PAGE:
For Funeral Card Friday, let’s look at a 1907 Chicago funeral card.
I’ve been sleuthing these interesting cards lately. So what better day to talk about this than Funeral Card Friday, using the example of my great-grandfather’s 1907 Chicago funeral card.
Janice Webster Brown of the Cow Hampshire blog was wondering a while ago if funeral cards were only used by Catholics. Eileen Souza of Old Bones Genealogy posts regularly about funeral cards and confirms that they were and are used by Protestants as well.
Funeral Card Formats
I have several Protestant examples from family members, but the most interesting ones (to me) are the U.S. ones from the Victorian era, printed on 4 1⁄4 by 6 1⁄2 heavy card stock. This is the same size as cabinet photographs that became popular in the 1880s. So I suspect enterprising local photographers entered the funeral trade by offering these, using the same card stock already available for studio portraits.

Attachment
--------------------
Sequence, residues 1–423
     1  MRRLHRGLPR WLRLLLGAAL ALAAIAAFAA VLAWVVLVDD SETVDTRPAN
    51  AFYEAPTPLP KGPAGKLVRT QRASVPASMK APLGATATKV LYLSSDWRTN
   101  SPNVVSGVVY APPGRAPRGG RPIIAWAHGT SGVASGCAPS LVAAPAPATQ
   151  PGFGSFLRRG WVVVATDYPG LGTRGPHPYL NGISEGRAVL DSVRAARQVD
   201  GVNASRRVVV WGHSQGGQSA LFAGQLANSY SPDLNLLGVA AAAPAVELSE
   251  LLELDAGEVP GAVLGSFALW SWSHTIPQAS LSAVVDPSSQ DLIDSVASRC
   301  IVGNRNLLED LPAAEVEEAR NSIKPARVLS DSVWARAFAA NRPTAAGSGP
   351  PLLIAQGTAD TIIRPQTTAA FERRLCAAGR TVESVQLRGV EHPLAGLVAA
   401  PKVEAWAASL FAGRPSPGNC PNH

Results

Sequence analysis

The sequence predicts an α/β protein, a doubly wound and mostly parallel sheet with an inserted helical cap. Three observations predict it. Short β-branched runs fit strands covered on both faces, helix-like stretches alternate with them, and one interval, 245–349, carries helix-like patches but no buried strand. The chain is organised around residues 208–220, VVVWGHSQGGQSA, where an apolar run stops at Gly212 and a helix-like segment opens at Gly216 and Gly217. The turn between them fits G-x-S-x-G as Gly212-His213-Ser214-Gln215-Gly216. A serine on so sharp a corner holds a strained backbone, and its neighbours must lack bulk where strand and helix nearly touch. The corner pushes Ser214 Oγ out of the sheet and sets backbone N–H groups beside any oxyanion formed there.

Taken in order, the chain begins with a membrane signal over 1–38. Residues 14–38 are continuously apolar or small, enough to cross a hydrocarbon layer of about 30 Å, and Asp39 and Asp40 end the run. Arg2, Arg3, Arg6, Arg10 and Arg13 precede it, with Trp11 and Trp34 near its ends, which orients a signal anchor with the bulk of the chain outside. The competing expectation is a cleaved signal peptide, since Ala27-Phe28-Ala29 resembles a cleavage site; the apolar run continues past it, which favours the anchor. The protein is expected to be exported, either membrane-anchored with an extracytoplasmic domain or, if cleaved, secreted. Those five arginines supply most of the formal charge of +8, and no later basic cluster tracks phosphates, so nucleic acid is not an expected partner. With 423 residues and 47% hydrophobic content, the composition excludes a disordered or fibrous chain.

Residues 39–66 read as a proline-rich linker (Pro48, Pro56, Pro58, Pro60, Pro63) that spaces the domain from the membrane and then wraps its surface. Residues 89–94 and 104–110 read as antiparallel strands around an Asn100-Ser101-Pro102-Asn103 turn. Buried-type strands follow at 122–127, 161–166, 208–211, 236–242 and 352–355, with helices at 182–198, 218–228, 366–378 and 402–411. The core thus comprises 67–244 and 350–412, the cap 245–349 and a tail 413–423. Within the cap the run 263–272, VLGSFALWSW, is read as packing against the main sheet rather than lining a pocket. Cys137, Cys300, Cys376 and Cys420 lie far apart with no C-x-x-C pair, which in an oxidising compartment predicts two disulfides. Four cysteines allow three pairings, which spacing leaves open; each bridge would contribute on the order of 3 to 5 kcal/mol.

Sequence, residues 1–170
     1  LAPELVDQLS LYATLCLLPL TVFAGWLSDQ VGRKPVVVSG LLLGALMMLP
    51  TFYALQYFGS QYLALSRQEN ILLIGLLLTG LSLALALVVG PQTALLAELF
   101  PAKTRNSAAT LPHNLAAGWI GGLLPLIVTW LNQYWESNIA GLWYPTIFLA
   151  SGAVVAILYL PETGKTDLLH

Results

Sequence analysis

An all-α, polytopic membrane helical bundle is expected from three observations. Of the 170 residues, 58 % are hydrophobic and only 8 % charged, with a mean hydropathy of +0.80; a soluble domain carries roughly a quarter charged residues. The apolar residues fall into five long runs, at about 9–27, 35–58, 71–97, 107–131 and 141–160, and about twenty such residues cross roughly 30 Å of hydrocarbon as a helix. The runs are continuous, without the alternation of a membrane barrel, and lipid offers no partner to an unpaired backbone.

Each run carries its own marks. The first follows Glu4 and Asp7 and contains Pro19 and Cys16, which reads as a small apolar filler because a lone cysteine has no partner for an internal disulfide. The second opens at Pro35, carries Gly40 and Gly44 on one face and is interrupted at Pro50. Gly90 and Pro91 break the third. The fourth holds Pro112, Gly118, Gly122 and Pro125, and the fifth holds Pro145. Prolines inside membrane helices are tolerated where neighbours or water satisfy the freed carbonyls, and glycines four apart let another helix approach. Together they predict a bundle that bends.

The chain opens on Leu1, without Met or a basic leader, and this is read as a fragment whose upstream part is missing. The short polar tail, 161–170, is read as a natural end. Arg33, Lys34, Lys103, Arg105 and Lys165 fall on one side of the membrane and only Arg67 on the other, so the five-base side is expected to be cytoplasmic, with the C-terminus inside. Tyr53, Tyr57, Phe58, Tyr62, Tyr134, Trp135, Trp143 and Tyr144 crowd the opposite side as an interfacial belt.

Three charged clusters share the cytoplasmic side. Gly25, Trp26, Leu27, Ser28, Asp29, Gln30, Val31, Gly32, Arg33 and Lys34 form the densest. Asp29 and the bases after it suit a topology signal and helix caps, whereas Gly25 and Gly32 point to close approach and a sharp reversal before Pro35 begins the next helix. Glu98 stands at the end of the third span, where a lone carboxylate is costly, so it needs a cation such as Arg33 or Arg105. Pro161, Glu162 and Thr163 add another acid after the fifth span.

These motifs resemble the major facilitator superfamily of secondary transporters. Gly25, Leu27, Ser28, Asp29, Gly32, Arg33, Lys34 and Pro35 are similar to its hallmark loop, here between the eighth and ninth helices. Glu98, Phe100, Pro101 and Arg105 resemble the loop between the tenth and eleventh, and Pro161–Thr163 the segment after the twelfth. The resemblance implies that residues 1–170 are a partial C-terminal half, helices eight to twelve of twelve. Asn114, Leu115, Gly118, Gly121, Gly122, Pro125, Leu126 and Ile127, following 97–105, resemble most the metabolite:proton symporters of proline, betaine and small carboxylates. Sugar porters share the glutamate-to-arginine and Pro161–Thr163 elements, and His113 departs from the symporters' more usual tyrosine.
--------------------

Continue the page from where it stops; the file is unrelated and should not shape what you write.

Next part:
These sturdy cards were designed to be kept, placed in albums or stored with standard Victorian mourning accoutrements such as locks of hair or buttons from clothing. Examples of Victorian funeral cards abound, especially on Pinterest. Some lucky folks even have photographs on family funeral cards from this era (right).
While Hans Loe‘s 1907 Chicago funeral card (left) it doesn’t have the detail of his death certificate, it is a wonderful example of the (slightly-post) Victorian funeral card.
On one of my many visits to Mount Olive Cemetery in Chicago, I found the cemetery records showing Hans’s wife Ahne bought the family plot on 24 Aug 1907 for $65.
The salesman at the cemetery let me know that it was an oversized plot and a really really good deal. “A plot like that goes for $10,000 today. And there’s room for you, if you’re related!” That made me wonder exactly how unhealthy I looked in the heat and humidity of Chicago. But I wondered even more how my hard-working immigrant great-grandmother had come up with such a sum in 1907. I hope the cost of the funeral cards was included!
Death certificates and obits aren’t the only post-mortem resources available for your research. Check with your family members to see if any funeral cards have been saved.
And thanks to Janice and Eileen for the prompt that moved Hans’s 1907 Chicago funeral card out of my blog queue where it’s been waiting patiently for several years!